Bismillahir Rahmaanir Raheem
Waseem: Every saint has a past...
“I found the gold.”
“You found the gold?” I asked, highly amused.
I wasn’t sure if he had a concussion. There was that injury on his head… But it looked like just a shallow cut above his left eyebrow. I had to check.
“You not talking about your car, right?” I asked. “Coz that thing is a write-off, Zee.”
He closed his eyes again, but there was a hint of humour somewhere beneath his stagnant expression.
“I found it,” was all he said, with a mysterious undertone.
We were quite close to the hospital by then, and they were wheeling him off to the casualty ward, to check for any other injuries.
Muhammed took care of the paper work and I saw Ziyaad getting checked up, to make sure everything was okay. I did the phone calls to whoever needed to know, down-playing the accident drastically.
“They say I was lucky, huh?” Ziyaad was saying, as I walked in and the doctor walked out. “They don’t know how well that car is built for it.”
I frowned at him, thinking about how dense my younger brother was. Maybe it was the knock on his head.
“Oh, shit,” he said, looking alarmed all of a sudden and trying to sit up.
I was hopeful.
“The airbags… Waseem… The airbags popped! But I didn’t have my seatbelt on. Yoh, those people lied.”
I stared back at him, trying to telepathically drill some sense into this owe. He was a tough nut.
“Yeah, but, it’s okay,” he continued. “That’s probably what kept me safe.”
I didn’t know whether to smack him at that point, or to laugh in his face. I decided on neither.
“Err, boss,” I said, getting just a little bit impatient. Not to mention, emo. “Do you understand that you nearly, just, like, scraped dying? Like, you could have died. Even in the car you were driving. Even with the airbags and everything, you could got so badly hurt, and have still died?”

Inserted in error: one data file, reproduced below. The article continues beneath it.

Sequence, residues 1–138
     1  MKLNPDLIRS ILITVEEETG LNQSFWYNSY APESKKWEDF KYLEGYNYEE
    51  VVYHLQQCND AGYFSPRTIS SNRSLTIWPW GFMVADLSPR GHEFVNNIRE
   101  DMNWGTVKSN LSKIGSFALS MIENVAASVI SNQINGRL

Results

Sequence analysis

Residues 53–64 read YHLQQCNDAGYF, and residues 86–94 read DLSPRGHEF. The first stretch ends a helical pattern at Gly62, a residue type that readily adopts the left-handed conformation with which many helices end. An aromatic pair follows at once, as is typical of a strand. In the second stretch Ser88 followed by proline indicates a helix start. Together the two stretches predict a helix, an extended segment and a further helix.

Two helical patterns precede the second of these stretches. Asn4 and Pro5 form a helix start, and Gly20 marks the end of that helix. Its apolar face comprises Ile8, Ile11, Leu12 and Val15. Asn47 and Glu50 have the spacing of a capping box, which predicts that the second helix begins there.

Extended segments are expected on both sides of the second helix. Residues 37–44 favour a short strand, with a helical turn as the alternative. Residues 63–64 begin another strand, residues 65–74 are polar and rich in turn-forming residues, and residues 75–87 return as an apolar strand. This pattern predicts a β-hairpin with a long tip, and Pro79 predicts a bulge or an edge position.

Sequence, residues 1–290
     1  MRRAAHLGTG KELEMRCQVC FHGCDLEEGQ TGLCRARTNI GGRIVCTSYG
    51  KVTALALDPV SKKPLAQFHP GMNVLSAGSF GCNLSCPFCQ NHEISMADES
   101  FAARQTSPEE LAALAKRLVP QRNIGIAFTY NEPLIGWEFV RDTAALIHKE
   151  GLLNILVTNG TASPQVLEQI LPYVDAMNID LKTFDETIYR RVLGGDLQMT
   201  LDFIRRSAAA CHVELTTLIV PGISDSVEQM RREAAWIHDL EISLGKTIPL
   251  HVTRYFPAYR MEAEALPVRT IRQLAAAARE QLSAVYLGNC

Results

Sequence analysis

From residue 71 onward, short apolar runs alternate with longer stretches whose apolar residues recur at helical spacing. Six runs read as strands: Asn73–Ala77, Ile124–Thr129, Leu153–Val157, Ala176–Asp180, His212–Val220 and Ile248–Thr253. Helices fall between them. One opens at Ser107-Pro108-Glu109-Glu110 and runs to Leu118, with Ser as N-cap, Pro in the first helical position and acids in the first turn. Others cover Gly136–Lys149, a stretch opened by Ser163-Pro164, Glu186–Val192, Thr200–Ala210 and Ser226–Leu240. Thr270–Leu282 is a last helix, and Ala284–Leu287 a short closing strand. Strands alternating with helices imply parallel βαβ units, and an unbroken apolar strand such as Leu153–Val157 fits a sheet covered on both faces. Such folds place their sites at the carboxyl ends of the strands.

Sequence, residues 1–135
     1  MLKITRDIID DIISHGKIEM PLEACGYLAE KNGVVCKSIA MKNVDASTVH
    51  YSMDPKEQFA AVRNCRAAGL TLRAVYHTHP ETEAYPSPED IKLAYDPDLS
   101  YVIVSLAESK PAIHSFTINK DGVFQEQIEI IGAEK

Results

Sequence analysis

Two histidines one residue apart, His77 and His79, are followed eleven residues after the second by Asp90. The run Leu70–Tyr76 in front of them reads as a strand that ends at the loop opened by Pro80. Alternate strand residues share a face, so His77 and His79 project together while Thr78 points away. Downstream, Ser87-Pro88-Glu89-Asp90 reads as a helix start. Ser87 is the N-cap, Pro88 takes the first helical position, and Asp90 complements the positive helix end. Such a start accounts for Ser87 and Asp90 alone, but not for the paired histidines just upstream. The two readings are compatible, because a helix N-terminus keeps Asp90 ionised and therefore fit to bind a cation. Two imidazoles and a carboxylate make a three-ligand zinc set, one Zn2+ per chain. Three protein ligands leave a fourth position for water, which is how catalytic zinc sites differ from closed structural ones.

I got a blank stare. Muhammed entered the room at that point. I was already on a roll.
“Understand that it was nothing to do with all that shit,” I continued, gaining momentum.
Now I was getting angry. My voice shook as I continued, realising the truth of what I was saying. I had to let him know.
“When every other means failed,” I started, staring him down, “HE saved you from the life that was tearing you apart. When… When you were broken, bru, that night… And even I had no hope that you could be fixed, don’t forget Who fixed you. When every other creation failed you, when you were down and under, don’t you ever, ever forget… your Creator never did. Only He remained. Only Him.”
My voice broke, and the words resounded in my ears, as if I was hearing them again.
Never forget what He saved you from. That moment when you swore you couldn’t fix it, He did it for you. Never forget Who put you back together. When everyone pulled out, and you had to face it all alone, don’t forget Who pulled you through. Never forget who carried you, when the storm pushed you to your knees and there was no one else left. No matter who or what is beside you now, never forget the moments when it was only Him. Don’t forget Who remained.
He remained. He always remains.
It was a moment when everything I had thought I didn’t understand seemed to come into perspective. When the confusion disintegrated and the darkness lifted. When I met a guy whose words truly made me realise exactly what I was missing all this time.
My mind jogged briefly back to that day, not that long ago.
“There’s someone you have to meet,” Junaid was saying, that day in the car.
It was the first time I had met him, and I was kind of confused by him wanting me to meet someone else. I mean, he didn’t even know who I was, leave alone what kind of people I got along with. I was immediately sceptical… Not to mentiom, completely averse.